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New Flame

If you quickly shuffled through the new record from Angela Perley and the Howlin’ Moons—you’d be forgiven for thinking you’re listening to several different albums at once. The first 10-15 seconds of each tune play like a library of guitar sounds—chunky, Tom Petty chords, snaky Telecaster riffs, bar blues bends—but it’s Perley’s familiar, haunting warble [...]



If you quickly shuffled through the new record from Angela Perley and the Howlin’ Moons—you’d be forgiven for thinking you’re listening to several different albums at once.

The first 10-15 seconds of each tune play like a library of guitar sounds—chunky, Tom Petty chords, snaky Telecaster riffs, bar blues bends—but it’s Perley’s familiar, haunting warble that keeps everything tied to the same recipe—one that seems to have found perfection for the band on their second proper LP, Homemade Vision.

Her sound and look have undergone several revolutions over the years—the songstress playing sparse banjo notes in songs like 2008’s “Black Cat” (sitting on a bale of hay) doesn’t much resemble the psych-rock goddess in 2015’s “Electric Flame.”

She owes much of that to her band—no longer “backing band”—who have leaned the sound toward what the quartet has in common, namely ’70s rock like Led Zeppelin and Black Sabbath.

“It’s a lot more aggressive,” she laughs. “We definitely have some angst that has always been there, but it comes out as a little more fun. We’re just having fun pushing it as a band.”

Perley, who will release Homemade Vision nationwide on January 22, hopes the record and the continued progression of the band busts them out of “the Americana box,” but at the same time is content to let listeners categorize for themselves.

“I think a lot of people, you look through their Spotify playlists and what they’re listening to—it’s not just one genre,” she says. “Everyone’s blending boundaries. It’s a really good thing.

Still, we couldn’t help ourselves at (614). Always one to wear influences on her vintage sleeve, we asked Perley to cut out the middle man and give us 10 artists that she has slipped into her songwriting.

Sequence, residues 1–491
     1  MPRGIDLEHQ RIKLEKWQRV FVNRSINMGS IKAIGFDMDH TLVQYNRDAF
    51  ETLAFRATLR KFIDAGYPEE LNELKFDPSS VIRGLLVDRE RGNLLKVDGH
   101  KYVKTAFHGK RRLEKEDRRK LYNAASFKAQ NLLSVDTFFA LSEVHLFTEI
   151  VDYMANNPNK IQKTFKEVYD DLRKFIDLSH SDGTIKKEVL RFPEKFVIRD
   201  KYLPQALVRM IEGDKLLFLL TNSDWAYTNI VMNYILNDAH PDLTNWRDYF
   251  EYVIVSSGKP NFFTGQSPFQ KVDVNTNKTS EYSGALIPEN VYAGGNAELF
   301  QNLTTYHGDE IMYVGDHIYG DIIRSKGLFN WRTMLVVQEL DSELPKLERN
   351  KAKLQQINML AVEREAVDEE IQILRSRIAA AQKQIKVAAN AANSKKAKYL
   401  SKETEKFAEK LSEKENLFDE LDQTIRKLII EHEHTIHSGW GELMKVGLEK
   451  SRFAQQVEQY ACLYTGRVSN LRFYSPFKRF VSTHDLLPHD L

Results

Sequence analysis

Gwen Stefani Probably my first early obsession and musical inspiration throughout middle and high school. She was a breath of fresh air in the ‘90s and she had a unique vision, voice, and energy at her live shows.

Holly Golightly The White Stripes turned me onto Holly Golightly through a collab they did with her, and I love anything and everything she has done in her musical career. I love her blend of garage rock, blues, country, and ‘60s style rock music. I also love all of the rare old songs she covers.

Wanda Jackson The Queen of Rockabilly … what more can I say? Wanda is badass and continues to become cooler over time. Both her country and her rockabilly songs are classic.

Loretta Lynn. Loretta is a huge inspiration of mine because she was country’s first female rebel. With songs like “Don’t Come Home A’ Drinkin’ (With Lovin’ on Your Mind),” “Fist City,” and “The Pill,” she was one of the first women in country music to stand out and speak her mind. Like Wanda, her career is still going strong and growing. Her 2004 album Van Lear Rose is even a classic.

Lucinda Williams The moment I heard my first Lucinda album I was blown away. Her songwriting and voice are so raw it hurts. She has been a huge inspiration to my songwriting over the years.

Billie Holiday Billie Holiday is magic to me. Her vocal style and phrasing are like no other and the emotion behind her songs is so haunting it gives me chills everytime I listen to her. My favorite jazz singer of all time.

Joni Mitchell Folk goddess. Her songwriting is extremely honest, beautiful, and intricate.